Does mainline liberal Protestantism have just 23 years left?

512px-Ruins_of_Holyrood_Abbey,_EdinburghMore on the plight of mainline liberal Protestantism. . . .

Evangelical scholar Ed Stetzer calculates that at the current rate of decline, mainline liberal Protestant churches will cease to exist in 23 years.

He crunches the numbers and suggests the reasons.  For example, “Over the past few decades, some mainline Protestants have abandoned central doctrines that were deemed ‘offensive’ to the surrounding culture,” but that strategy doesn’t work.

Wait a minute:  Isn’t that the sort of thing that we have been hearing from the evangelical church growth movement?

Stetzer doesn’t really believe that these churches will cease to exist and he laments their decline.  But would it be good if they cease to exist, or is a liberal church better than nothing?  Is there a point to institutional religion without the religion?  Doesn’t that leave just an institution–with all its trappings of bureaucracy, self-protection, and regulation–without a purpose?

I would say that the rumors of the death of mainline churches may be greatly exaggerated.  There still have their Christian pastors, theologians, congregations, and members. But their future may be in their becoming more conservative.  This may be happening.  The Methodists, for example, have embraced the pro-life cause and show some skepticism about the gay agenda, though the church is still torn over those issues.  Conservatives in those denominations often struggle over they should stay and fight–until they are thrown out–or leave, thereby abandoning their church to the liberals.  And it is theoretically possible that some of today’s secularists might start attending the increasingly secularist church bodies.
[Read more…]

The frustrations of ecumenical Protestants

Liberal Protestants, such as the members of the Lutheran World Federation, are strongly committed to ecumenism, and they have been pursuing talks with the Roman Catholics and the Orthodox.  But since the Protestant bodies have been ordaining women, accepting homosexuality, and advocating abortion, those talks have been going nowhere.  Surprise, surprise.  So now the ecumenical Protestants are all frustrated, as if their own projects of cutting themselves off from the historic church wouldn’t cut them off from historic churches.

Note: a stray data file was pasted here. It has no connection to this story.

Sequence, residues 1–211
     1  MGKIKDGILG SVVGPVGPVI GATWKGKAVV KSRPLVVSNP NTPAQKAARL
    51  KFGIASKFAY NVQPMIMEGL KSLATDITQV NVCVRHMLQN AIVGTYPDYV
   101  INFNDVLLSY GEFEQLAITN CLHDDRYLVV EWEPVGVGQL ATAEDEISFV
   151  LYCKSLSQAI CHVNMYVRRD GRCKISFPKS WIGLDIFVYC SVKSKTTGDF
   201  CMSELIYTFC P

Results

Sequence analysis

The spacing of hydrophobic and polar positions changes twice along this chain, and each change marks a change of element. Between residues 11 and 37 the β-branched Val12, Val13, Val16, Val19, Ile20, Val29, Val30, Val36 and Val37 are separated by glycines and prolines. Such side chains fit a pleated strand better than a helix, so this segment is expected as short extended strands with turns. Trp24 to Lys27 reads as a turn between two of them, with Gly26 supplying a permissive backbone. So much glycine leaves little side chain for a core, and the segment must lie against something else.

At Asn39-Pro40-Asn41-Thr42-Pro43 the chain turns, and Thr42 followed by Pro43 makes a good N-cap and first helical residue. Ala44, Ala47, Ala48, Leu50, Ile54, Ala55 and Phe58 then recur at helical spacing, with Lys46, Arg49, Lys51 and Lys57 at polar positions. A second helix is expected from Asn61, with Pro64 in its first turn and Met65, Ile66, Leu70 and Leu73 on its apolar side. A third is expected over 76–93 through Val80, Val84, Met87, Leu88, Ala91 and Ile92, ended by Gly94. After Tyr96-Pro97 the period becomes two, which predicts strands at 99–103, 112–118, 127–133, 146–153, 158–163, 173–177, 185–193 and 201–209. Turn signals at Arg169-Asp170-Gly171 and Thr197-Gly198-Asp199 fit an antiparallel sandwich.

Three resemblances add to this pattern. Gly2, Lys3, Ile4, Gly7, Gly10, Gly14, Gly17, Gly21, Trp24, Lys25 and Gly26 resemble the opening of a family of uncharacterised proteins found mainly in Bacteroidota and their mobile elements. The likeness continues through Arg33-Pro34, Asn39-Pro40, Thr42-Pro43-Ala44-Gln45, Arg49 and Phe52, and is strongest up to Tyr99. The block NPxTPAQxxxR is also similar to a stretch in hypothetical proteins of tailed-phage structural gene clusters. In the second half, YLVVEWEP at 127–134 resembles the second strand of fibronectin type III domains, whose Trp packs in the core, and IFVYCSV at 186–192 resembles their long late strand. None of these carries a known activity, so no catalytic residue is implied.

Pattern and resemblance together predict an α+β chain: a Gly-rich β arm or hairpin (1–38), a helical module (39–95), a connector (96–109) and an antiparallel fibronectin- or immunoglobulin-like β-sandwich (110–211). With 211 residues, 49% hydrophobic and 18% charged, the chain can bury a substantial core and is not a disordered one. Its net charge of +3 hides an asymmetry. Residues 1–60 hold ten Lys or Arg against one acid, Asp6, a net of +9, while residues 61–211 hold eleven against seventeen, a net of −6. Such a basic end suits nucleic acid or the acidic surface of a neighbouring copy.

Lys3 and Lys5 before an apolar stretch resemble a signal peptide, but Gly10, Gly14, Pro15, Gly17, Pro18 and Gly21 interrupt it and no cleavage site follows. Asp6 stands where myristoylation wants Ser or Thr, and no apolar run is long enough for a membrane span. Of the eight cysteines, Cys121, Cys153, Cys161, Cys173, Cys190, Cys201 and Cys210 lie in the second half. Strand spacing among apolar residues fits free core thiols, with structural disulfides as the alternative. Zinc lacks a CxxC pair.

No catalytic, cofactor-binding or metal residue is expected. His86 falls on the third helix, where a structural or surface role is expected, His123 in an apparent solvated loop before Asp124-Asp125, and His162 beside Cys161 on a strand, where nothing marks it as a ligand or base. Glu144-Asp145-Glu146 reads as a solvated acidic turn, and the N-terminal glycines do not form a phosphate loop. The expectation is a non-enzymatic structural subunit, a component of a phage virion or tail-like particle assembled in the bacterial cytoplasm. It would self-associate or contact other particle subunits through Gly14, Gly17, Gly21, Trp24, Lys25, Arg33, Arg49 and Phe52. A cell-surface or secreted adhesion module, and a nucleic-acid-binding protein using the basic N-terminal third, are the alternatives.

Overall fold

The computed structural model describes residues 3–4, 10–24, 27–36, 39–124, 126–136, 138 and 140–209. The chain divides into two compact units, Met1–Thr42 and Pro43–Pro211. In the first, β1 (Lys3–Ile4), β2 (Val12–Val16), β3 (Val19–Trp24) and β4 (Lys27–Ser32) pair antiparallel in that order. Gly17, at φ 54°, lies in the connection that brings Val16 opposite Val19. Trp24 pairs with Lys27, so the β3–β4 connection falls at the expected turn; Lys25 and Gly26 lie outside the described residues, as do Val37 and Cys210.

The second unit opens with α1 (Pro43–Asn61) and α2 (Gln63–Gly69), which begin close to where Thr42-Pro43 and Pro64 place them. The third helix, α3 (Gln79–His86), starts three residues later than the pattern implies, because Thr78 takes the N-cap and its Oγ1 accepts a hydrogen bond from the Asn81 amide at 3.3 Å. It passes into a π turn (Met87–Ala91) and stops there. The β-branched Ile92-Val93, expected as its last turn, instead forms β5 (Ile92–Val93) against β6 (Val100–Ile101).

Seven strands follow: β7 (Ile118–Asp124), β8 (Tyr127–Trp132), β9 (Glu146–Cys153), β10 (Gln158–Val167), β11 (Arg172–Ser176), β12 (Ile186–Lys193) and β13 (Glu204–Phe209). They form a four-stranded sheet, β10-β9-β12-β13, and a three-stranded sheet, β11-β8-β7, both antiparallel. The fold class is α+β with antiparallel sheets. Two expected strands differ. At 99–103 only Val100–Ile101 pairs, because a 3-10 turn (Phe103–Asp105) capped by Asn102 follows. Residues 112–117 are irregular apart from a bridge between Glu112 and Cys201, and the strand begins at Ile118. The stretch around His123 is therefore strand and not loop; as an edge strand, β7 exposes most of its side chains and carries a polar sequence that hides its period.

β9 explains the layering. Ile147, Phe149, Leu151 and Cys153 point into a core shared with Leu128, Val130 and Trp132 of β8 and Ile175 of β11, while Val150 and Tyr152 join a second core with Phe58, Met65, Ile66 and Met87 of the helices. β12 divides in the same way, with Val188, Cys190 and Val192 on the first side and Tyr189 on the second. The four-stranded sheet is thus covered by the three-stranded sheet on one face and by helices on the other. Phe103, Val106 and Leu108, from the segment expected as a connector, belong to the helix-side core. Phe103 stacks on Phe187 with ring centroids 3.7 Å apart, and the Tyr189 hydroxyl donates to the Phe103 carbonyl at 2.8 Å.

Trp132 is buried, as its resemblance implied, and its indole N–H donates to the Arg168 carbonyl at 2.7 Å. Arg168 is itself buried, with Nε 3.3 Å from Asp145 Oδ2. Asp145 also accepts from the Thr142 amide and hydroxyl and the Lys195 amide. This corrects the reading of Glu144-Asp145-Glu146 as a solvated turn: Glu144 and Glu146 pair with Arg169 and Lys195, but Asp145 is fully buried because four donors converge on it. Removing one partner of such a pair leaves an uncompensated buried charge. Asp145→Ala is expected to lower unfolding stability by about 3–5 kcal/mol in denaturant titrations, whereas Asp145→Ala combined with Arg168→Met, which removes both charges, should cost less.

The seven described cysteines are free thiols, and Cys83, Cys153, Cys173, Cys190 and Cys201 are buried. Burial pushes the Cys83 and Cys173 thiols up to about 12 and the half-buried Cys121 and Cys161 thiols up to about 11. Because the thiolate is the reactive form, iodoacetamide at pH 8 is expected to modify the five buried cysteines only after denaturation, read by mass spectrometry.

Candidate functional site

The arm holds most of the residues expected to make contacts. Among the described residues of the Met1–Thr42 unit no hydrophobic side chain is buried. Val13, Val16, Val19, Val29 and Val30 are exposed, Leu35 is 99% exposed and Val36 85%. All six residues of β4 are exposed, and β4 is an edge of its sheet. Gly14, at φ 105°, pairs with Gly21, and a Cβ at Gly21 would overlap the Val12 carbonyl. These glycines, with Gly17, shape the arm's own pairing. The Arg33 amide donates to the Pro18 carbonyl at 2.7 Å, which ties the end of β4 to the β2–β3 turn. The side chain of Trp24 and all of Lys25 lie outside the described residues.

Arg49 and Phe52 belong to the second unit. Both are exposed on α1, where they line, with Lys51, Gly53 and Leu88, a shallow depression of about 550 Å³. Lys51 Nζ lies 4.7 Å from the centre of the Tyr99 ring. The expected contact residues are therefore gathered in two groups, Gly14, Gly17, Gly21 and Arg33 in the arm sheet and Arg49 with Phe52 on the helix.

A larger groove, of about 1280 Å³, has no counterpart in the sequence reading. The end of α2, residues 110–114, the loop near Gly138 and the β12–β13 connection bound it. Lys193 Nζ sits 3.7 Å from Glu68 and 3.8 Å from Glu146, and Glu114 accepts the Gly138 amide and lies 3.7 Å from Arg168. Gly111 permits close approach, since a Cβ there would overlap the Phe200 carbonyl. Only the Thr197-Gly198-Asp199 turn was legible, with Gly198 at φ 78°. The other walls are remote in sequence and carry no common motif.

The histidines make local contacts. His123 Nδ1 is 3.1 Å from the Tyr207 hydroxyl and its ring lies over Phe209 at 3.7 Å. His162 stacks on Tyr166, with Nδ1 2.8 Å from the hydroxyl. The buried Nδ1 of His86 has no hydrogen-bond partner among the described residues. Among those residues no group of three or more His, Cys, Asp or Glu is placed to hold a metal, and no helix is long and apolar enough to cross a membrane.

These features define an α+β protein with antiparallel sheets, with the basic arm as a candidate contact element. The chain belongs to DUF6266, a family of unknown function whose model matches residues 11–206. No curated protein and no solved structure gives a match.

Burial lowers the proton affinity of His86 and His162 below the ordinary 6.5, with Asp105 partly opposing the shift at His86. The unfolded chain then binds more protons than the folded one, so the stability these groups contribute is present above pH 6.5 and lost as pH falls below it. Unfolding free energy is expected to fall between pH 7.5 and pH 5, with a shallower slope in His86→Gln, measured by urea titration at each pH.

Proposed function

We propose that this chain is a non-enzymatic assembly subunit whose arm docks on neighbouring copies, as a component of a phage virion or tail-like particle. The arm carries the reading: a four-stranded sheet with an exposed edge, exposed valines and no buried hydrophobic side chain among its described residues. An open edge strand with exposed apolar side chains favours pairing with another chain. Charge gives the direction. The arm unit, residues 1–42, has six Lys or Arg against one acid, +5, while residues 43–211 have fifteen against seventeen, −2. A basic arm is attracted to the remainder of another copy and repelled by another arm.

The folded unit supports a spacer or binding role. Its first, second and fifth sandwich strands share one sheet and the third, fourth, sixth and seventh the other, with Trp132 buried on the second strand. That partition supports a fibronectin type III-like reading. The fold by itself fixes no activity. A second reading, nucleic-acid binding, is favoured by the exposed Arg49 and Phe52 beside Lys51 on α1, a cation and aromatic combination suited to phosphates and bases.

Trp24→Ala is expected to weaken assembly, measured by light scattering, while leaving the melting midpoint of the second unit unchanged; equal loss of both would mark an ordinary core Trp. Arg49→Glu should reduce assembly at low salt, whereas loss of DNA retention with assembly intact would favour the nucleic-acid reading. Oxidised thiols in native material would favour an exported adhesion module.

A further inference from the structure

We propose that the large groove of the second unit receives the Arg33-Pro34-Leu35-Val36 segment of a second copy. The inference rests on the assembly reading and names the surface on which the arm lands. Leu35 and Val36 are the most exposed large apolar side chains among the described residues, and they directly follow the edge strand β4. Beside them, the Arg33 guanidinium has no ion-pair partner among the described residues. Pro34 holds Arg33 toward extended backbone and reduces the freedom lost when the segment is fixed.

This is another example of the overarching catholicity of the church over against innovations that turn former branches of the church into sects.  Mathew Block, whom I also quote in today’s post about “catholicity,” tells about a recent dialogue between the liberal Lutherans and the Orthodox, making the point that confessional Lutherans, such as those that belong to the International Lutheran Council, would be far better to talk with. [Read more…]

Why do the Orthodox ally with liberal Protestants?

One of the mysteries of the American religious scene is why all but one of the Eastern Orthodox church bodies in this country are members of the National Council of Churches, the mouthpiece for liberal Protestant denominations.  Not only that, the NCC consistently promotes abortion, homosexuality, a leftist social gospel, and a whole array of doctrines opposed to the traditional theology the Orthodox claim to champion.  And it isn’t like the Orthodox representatives are speaking up all that much against the NCC’s anti-orthodoxy.  John Lomperis of the Institute for Religion and Democracy asks some pointed questions. [Read more…]